• jar --module-version does the same, possibly overriding existing version information

Recording dependency versions

The module descriptor generated by javac also contained the string 9.0.1, which is the Java version I built this on. But I suspect the concrete string comes from the base module's version because java.base is also mentioned there. Also, I thought I once saw an option to record dependency information.

Search in progress…

Nope, neither javac --help | grep -C 2 version nor the same for jar show anything else that's related to module versions. Mmh, weird.

So let’s see whether other module versions show up. For that I switch to Monitor, the demo application for The Java Module System. It consists of a handful of modules and one of them, monitor depends on quite a few other ones, so if dependency versions show up, it should be there.

First, I sprinkle --module-version 0.2 on all jar commands, then build and look at the module descriptor for monitor:

$ java -p mods --describe-module monitor> monitor@0.2 file:.../mods/monitor.jar
> requires monitor.statistics
> requires monitor.rest
> requires monitor.persistence
> requires monitor.observer.beta
> requires monitor.observer
> requires java.base mandated
> requires monitor.observer.alpha
> contains monitor
$ jar --file mods/monitor.jar --describe-module# almost the same, still no dependency versions$ unzip -q -c mods/monitor.jar module-info.class> ����5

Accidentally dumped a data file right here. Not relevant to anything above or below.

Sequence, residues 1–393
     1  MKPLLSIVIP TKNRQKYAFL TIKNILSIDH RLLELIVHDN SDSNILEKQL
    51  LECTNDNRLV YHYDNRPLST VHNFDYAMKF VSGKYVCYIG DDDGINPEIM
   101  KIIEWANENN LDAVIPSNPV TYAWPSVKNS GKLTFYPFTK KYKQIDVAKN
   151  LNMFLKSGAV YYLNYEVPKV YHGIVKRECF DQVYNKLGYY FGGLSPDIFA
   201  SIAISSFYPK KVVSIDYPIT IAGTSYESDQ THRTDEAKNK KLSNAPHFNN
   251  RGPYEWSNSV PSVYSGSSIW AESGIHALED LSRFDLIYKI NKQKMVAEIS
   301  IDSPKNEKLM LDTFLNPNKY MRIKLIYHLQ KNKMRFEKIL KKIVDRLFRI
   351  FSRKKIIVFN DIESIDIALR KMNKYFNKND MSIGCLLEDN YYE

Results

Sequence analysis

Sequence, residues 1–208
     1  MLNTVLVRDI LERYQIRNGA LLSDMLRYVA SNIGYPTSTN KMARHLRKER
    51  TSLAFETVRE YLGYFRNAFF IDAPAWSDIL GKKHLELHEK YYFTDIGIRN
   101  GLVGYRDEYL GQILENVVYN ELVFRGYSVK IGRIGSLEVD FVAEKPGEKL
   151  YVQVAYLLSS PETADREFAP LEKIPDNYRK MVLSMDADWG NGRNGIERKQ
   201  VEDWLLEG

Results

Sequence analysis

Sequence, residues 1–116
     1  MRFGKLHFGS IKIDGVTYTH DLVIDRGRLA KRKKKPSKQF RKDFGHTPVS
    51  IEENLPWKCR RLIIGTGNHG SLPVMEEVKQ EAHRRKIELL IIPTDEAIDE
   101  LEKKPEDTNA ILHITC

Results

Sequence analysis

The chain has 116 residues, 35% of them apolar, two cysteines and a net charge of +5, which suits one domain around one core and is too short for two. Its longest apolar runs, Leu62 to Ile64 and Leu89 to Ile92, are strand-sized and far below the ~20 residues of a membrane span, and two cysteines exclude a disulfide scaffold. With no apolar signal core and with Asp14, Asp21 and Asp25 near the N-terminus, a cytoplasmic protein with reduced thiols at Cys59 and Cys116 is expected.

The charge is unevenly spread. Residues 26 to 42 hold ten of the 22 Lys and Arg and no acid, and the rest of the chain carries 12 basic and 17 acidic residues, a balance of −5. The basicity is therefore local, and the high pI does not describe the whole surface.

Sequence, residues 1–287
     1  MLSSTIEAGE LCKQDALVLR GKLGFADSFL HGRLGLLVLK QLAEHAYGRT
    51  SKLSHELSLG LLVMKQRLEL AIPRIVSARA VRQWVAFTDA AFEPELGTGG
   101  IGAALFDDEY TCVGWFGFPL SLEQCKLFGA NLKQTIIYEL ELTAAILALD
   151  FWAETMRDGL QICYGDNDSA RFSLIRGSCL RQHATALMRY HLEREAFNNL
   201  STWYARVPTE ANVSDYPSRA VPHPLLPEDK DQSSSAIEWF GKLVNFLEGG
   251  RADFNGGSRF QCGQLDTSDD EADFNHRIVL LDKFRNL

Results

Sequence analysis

> module-infomodule-info.java
> SourceFileModulePackagesmonitorModuleMainClass
> monitor/Main
> Module0.2monitor.statistics
> monitor.restmonitor.persistencemonitor.observer.betamonitor.observer java.base▒9.0.1monitor.observer.alpha
:

Mmh, no, other versions aren’t recorded. But once again 9.0.1 is awfully close to java.base - let's throw in two other platform modules and build again.

����5!
module-infomodule-info.java
SourceFileModulePackagesmonitorModuleMainClass
monitor/Main Module0.2monitor.statistics
monitor.restmonitor.persistence
java.desktop9.0.java.xmlmonitor.observer.betamonitor.observer ava.basemonitor.observer.alpha�
F

No, still just the one 9.0. (now even the 1 went missing).

Fortunately, I’m still on the train, so I am online. Look what I found in the list of Jigsaw issues:

#VersionedDependences — Consider allowing specific version strings, or perhaps version constraints, as an optional element of requires clauses in module declarations. Failing that, consider allowing specific version strings, or perhaps version constraints, to be added to the dependences recorded in a compiled module descriptor; this would, e.g., allow a compiler or build system to record the versions of the modules against which a particular module was compiled, for use by other tools. In either case, if such version information is merely informative then it will still honor the version selection non-requirement; if such version information is interpreted by the module system then that requirement may come into question. [Cristiano Mariano, Stephane Epardaud]